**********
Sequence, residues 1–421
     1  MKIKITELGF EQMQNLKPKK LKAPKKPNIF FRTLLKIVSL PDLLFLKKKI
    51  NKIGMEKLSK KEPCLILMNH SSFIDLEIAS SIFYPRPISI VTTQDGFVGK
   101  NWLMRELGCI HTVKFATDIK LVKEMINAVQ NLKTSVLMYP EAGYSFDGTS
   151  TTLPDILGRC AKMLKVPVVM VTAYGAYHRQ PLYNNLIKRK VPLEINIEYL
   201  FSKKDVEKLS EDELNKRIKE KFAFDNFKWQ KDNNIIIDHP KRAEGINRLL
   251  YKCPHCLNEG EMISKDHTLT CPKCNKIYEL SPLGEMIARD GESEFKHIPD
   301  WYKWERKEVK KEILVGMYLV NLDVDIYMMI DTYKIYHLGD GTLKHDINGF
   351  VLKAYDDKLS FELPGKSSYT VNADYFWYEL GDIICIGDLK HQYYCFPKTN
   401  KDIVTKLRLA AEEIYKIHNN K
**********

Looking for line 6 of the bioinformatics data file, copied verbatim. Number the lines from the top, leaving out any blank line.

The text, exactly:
   201  FSKKDVEKLS EDELNKRIKE KFAFDNFKWQ KDNNIIIDHP KRAEGINRLL